Commissars, responsible to a periodically convened
Congress. This system exists on paper at this day,
but its validity in working is completely nullified by the
simple process of preventing any but Communists
from entering the lowest soviet — the only one that
is in direct contact with the people. This restraint
is often effected by force, but the franchise law in any
case is limited and has the effect of disenfranchising
four out of every five peasants. A few non-Bolsheviks
none the less generally manage to get elected, although
at risk of gross molestation; but they are regarded
by the Communists as intruders and can exert no
influence in politics.

One might ask why the Bolsheviks, suppressing
all free Soviets, maintain the farce of elections at all,
since they cause a lot of bother. "Soviets," how-

ever, in some form or other, even fictitious, are in-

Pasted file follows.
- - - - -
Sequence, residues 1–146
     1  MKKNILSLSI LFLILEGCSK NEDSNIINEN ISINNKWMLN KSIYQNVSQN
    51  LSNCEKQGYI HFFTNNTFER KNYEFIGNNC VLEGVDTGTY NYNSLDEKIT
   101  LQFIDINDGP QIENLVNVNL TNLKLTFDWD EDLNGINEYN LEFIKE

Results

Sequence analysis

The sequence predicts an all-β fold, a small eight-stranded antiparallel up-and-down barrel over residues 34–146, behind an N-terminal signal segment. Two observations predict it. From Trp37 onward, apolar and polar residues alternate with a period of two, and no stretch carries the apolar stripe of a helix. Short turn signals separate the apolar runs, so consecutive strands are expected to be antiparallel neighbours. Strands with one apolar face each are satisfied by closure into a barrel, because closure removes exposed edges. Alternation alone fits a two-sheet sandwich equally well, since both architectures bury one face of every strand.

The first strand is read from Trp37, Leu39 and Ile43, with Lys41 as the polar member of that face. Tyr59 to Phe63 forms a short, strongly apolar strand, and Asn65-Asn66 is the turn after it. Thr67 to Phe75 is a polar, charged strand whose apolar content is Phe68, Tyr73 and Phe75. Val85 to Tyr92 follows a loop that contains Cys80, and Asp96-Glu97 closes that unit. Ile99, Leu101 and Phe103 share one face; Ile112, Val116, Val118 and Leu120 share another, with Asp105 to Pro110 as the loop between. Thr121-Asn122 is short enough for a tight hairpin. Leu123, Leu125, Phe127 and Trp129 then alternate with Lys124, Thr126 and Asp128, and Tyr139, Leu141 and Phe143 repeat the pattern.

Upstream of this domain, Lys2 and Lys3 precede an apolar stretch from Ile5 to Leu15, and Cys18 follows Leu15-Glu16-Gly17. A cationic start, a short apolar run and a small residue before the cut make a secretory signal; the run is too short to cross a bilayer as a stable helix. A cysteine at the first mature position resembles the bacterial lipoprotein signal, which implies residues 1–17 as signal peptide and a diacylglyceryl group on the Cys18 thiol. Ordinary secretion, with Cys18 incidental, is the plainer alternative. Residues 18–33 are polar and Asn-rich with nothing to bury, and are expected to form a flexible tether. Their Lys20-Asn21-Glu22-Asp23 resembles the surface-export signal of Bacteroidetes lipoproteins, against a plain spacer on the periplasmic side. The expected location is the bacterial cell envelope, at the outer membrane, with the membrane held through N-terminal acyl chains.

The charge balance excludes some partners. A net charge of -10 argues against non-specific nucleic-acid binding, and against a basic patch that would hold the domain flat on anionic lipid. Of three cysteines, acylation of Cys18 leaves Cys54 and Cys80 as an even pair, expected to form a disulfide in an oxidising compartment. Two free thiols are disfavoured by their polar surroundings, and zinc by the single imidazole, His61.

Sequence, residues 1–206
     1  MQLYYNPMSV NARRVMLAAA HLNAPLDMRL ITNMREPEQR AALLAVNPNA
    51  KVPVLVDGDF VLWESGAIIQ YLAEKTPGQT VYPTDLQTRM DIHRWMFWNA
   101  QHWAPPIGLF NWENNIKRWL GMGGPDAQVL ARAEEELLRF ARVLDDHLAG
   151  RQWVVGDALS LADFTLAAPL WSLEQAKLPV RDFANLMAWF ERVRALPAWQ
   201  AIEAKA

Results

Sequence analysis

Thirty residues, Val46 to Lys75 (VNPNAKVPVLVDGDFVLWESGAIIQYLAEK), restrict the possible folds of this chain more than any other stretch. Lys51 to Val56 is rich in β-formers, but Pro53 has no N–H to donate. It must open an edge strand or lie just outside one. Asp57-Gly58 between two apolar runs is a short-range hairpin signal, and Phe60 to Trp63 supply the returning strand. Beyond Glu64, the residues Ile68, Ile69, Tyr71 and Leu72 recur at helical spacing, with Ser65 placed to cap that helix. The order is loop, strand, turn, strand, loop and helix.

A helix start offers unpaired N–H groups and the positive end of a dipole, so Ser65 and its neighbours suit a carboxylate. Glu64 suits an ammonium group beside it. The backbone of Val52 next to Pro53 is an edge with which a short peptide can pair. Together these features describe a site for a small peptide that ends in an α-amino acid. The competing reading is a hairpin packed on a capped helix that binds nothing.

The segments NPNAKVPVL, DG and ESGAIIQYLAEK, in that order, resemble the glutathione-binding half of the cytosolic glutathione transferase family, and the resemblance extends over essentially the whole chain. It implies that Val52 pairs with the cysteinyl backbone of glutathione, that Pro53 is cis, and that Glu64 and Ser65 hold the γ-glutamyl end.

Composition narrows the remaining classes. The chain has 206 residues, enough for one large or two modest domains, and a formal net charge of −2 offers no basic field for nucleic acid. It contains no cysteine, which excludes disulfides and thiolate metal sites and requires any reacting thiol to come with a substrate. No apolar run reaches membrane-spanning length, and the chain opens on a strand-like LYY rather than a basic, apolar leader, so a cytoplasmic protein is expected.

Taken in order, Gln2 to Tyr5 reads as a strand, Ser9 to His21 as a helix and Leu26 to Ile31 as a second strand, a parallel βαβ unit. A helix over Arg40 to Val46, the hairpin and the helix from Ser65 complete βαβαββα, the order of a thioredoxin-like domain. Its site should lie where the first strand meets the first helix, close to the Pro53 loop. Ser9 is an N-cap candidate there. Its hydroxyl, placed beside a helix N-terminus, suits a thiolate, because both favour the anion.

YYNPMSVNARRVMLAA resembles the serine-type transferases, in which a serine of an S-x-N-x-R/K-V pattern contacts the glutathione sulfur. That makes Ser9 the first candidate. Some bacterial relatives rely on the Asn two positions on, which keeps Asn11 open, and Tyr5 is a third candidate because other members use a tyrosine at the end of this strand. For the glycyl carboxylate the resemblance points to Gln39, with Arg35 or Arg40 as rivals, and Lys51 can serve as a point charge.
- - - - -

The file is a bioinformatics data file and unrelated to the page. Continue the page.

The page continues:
dispensable in order that the government may con-
tinue to call itself for propagandist purposes the
"Soviet" Government. If the soviet or freely elected
council system did work unshackled in Russia to-day,
Bolshevism would long ago have been abolished. In
fact one of the demands frequently put forward during
strikes is for a restoration, side by side with the
free cooperative societies, of the soviet system which


is now virtually suppressed. Paradoxical though it
be, Bolshevism is in reality the complete negation
of the soviet system. It is by no means impossible
that the downfall of the Communists may result in
a healthy effort to set the Soviets in some form at
work for the first time. If this book served no other
purpose than to impress this vitally important fact
upon the reader, I should feel I had not written in vain.

Whenever it is possible, that is, whenever no serious
opposition to a Communist candidate is expected,
the Bolsheviks allow an election to take its normal
course, except that the secret ballot has been almost
universally abolished. Before they rose to power
the secret ballot was a cardinal principle of the Bol-
shevist programme. The argument, so typical of Bol-
shevist reasoning, now put forward in justification
of its abolition, is that secret voting would be dis-
crepant in a proletarian republic that has become